Sounds VERY long to me!

Italgas has been in touch with the Vatican all along but last night’s letter gave me more information than anyone else had. I printed a copy of the email and gave it to Carlo, our doorman, who was delighted to know what would be happening!

In any case, the man from the Italgas press office gave me his phone number and asked me to be in touch and update him on the work – which he’d be following from Milan.

The other part of A Day in the Life….!



My special guest this weekend in the interview segment of “Vatican Insider” is Fr. Alan Fogarty, president of the Jesuit run-Gregorian University Foundation. Fr. Alan will tell us all about his work, the Foundation’s three offices in the U.S., Canada and Rome and the fascinating history behind the Gregorian University, the Pontifical Biblical Institute and the Pontifical Orientale Institute. So stay tuned to learn about the Greg, the university’s nickname, its long history, its saints and blessed and Popes – great stories and interesting statistics!

In the United States, you can listen to Vatican Insider (VI) on a Catholic radio station near you (there is a list of U.S. stations at or on channel 130 Sirius-XM satellite radio. Outside the U.S., you can listen to EWTN radio on our website home page by clicking on the right side where you see “LISTEN TO EWTN.” Vatican Insider airs Saturday mornings at 9:00am (ET). On the SKY satellite feed to the UK and parts of Europe, VI airs on audio channel 0147 at 11:30 am CET on Saturdays, and 5:30am and 10pm CET on Sundays. It’s also available on demand on the EWTN app and on the website. CHECK YOUR TIME ZONE. Here’s a link to download VI to your iTunes library: For VI archives:


For those of you who are passionate about all things Italian, but principally the restaurants and the gelato, here’s something for you to savor over the weekend – two links from TheLocal to quench that thirst. TheLocal is an online newspaper in English and if you also crave news about Rome and Italy, this is the place to go.


Happy Flag Day to my fellow Americans! Wear a button on a lapel, have one on your car or hang one from a flagpole but be sure to honor the Stars and Stripes today.

And what a perfect day for our U.S. ambassador to the Holy See to return a piece of history – history for both the United States and Spain – to the rightful owner, the Vatican Apostolic Library! Read on!


U.S. Ambassador to the Holy See, Callista Gingrich, in a ceremony this morning in the Vatican Library, returned a recovered copy of a letter written by Christopher Columbus to its rightful home in the Vatican Library. She presented the letter to the Vatican’s Archivist and Librarian, Archbishop Jean-Louis Bruguès, O.P. and the Library’s Prefect, Bishop Cesare Pasini, in the presence of representatives of the U.S. Department of Homeland Security (DHS), and Homeland Security Investigations (HSI) for their role in recovering the letter.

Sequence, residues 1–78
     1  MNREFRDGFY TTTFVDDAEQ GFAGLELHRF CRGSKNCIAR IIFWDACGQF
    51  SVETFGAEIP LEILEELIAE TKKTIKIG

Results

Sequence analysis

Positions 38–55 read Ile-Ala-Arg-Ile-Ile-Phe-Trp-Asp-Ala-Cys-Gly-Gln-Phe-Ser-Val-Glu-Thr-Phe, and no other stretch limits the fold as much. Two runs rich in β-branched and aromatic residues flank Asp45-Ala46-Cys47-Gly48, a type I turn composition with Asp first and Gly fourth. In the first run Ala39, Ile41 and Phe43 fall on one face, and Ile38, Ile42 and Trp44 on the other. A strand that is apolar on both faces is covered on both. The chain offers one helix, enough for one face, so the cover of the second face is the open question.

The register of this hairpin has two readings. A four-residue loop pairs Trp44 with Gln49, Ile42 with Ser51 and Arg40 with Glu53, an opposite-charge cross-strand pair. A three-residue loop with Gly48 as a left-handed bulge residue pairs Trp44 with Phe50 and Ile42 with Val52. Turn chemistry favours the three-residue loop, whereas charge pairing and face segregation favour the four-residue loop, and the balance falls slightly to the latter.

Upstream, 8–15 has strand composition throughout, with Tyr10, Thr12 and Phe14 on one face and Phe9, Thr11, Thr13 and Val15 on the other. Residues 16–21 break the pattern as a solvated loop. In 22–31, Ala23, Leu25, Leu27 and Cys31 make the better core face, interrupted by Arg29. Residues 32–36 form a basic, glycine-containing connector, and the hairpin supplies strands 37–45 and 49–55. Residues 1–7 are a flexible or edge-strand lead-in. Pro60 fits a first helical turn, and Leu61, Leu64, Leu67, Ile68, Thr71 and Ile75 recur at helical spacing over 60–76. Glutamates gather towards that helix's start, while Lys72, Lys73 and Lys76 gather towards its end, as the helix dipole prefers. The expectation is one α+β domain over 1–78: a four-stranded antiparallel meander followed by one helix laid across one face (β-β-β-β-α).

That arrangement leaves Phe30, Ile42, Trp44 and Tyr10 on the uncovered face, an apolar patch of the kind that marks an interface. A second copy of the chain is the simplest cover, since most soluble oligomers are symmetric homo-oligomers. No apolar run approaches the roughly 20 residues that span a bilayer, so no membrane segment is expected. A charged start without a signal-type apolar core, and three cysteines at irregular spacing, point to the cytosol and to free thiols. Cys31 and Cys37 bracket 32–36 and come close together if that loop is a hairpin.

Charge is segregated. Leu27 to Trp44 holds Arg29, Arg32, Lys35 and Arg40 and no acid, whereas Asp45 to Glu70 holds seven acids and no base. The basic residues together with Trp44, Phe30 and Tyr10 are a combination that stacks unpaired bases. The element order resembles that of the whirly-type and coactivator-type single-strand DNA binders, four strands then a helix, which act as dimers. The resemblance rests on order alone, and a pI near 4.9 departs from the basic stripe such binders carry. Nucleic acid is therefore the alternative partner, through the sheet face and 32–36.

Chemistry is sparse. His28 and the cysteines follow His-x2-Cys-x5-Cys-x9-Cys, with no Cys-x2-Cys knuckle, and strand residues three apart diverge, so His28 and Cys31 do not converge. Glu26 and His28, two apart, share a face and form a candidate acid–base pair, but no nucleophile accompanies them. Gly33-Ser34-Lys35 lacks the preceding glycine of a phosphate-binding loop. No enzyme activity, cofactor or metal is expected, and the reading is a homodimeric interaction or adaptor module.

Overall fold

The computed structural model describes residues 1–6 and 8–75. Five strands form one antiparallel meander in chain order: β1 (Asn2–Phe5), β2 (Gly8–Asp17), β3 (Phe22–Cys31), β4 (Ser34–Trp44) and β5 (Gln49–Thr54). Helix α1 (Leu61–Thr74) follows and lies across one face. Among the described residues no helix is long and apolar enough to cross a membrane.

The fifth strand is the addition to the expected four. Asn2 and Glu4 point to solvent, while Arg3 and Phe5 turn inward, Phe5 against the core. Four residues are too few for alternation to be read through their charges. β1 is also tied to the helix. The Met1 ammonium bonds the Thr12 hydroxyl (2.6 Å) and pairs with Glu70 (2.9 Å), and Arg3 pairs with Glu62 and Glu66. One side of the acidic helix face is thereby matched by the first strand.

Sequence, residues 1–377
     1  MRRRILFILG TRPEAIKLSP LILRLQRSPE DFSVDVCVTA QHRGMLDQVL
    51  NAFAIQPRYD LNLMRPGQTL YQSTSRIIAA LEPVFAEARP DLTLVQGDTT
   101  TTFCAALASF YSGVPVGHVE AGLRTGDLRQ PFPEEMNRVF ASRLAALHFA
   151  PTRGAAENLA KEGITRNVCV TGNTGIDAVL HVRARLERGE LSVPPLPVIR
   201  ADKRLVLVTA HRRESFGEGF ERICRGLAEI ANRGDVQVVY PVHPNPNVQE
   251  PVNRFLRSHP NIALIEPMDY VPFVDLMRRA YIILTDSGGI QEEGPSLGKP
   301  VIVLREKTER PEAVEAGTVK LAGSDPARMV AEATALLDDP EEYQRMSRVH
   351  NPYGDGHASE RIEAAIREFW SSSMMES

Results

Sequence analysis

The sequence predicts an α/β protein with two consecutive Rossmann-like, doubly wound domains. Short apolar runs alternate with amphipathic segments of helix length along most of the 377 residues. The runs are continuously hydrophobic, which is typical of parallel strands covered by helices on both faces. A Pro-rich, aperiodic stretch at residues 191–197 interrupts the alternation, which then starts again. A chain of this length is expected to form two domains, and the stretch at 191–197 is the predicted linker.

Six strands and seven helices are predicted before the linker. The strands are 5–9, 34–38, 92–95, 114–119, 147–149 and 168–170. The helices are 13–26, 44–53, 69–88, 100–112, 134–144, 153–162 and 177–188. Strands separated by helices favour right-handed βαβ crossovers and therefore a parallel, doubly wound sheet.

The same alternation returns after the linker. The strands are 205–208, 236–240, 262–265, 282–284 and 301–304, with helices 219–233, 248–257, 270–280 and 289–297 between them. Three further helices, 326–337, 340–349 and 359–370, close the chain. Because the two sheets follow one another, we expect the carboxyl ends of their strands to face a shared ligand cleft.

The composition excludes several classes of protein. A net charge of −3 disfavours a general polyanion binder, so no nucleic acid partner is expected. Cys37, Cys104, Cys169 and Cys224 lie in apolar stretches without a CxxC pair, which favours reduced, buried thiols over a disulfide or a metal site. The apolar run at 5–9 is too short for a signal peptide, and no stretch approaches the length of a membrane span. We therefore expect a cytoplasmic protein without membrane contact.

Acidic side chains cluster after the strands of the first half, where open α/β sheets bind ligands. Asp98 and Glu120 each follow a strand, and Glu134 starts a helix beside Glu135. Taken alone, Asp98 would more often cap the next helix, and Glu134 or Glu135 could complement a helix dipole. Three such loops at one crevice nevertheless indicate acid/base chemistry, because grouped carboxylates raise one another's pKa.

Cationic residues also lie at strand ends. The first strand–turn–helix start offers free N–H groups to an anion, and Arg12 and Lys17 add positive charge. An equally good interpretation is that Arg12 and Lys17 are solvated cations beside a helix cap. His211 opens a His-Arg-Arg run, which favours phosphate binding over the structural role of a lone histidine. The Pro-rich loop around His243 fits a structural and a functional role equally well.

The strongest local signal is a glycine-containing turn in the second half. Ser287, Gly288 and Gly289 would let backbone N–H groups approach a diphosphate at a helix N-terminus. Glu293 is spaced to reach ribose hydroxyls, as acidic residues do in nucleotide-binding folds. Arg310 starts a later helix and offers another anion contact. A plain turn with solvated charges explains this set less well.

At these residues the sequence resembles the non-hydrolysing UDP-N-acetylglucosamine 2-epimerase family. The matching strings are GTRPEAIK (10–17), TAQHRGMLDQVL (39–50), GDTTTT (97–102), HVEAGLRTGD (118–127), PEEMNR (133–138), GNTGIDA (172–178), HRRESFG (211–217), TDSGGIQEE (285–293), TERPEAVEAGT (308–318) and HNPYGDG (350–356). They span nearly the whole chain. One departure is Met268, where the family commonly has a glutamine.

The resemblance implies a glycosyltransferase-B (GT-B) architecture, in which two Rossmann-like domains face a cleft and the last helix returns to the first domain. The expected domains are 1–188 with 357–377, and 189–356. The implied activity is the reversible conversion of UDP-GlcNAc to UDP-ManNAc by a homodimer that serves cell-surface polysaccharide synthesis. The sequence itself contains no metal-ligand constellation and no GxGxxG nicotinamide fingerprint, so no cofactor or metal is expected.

The Columbus Letter, as it is known, is an account of the explorer’s discovery of America written in 1493 to King Ferdinand and Queen Isabella of Spain. The text was translated into Latin and several copies were distributed around Europe. The Vatican Library received one of these copies in 1921 as part of the “De Rossi Collection” of rare books and manuscripts.

Archbishop Bruguès said, “this is an historic day for the library because a document returns home, a document that tells a story that belongs to both America and Spain.”

He also praised Mary Parsons, the widow of the late Robert Parsons who bought the document for $875,000 in what he assumed was a legitimate sale. Parsons had no knowledge that the document had been stolen from the Vatican.

Once the truth was known. his widow decided to give the document back to the Vatican, saying she knows that is what her late husband would have wanted, notwithstanding the huge financial loss.

It was revealed today that Mary Parsons wrote a letter to Pope Francis and it was brought days ago to the Vatican from the United States.

Ambassador Gingrich said, “A precious piece of history has returned home. I am very honored to return it to its rightful owner.”

Her full speech is here:

The archbishop said, “we do not know exactly when the substitution took place. However the forgery was reproduced with both visual and tactile aspects. We may never know who forged this.”

No one knows exactly when or how the letter was removed from the Vatican Library. It could have been purloined during a re-binding of the volume with Columbus letters as the Vatican does not do its own binding, but rather outsources it.

It seems something similar could not happen today because, about a dozen years ago, books in the library – books, documents, parchments, etc, – had microchips installed in them. Researchers who have gained permission to study in the library have their own ID card with a microchip inside and the library personnel knows at every moment where they are and what document they are looking at.

Click here to see photos of the encounter in the Vatican Library:

The following information sheet is compliments of the U.S Embassy to the Holy See.

The embassy also sent photos of both the authentic and forged letters but they were in pdf format and I have no program in my computer that will convert them to jpg to post here. I have spent the better part of an hour trying to convert them. Hopefully I can eventually get those to you. I am trying to download a program that will convert the photos: if that works, I’ll get the pictures to you.

Columbus Letter Fact Sheet